It seems The BAG’s Winter ’07 coverage wouldn’t be complete without paying visual respects to the season that wasn’t.
If you’ve mostly been reading about the globe’s warmest December on record, or the fact New York City had its first December without snow since the 1890’s, the visual media is now catching up in a hurry. As a logical way to tell the story, Stern offers a 15 page photo gallery juxtaposing scenes in specific places this January as compared to last. The comparison, above, is from Munich.
As part of the flurry, The NYT also has a story this morning — with the image featured on the front page of today’s International Herald Tribune — about how newly emergent land masses in Greenland are overworking the cartographers.
Besides your weather report, and your take on whether it’s an El Niño anomaly, a greenhouse effect, or some combination of the two, I’d be interested in your thoughts on the dynamics of these (kinds of) images.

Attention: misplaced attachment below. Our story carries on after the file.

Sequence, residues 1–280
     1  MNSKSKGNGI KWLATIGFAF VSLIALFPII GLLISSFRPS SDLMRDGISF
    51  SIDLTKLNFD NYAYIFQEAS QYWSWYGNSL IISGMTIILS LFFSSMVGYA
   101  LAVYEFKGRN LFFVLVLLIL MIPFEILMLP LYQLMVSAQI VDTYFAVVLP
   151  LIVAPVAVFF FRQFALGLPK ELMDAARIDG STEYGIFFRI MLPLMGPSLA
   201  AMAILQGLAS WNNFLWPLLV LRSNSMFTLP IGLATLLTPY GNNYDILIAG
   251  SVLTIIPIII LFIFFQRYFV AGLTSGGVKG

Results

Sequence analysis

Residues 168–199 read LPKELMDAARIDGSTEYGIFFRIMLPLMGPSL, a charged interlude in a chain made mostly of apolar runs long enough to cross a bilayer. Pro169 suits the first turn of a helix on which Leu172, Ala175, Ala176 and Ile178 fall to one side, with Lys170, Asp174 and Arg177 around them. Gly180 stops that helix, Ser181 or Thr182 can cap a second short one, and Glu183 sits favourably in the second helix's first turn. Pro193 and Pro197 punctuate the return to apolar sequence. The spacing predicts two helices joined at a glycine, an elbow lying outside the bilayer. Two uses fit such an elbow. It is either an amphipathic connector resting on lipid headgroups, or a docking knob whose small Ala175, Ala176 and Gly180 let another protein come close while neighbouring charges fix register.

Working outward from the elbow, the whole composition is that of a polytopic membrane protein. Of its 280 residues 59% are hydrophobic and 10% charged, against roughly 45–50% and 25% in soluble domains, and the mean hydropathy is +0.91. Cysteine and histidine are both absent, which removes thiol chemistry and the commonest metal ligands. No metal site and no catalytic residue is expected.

Just like it doesn’t feel right outside (as I move around Barcelona in a sweater), it is troubling to witness what wants to be a black-and-white photograph turning back into color, or observing jutting brown rocks appearing to angrily throw off their glacial blankets.
Still, given fear’s reputation as a motivator, paired with the emotional power of photography, one could argue this winter (or lack of one) represents a gift to global warming activists, and that the approaching “dead of winter,” from a pictorial viewpoint, stands to represent the sweet spot.
(image: Michaela Rehle/Reuters. January 2006/7. stern.de)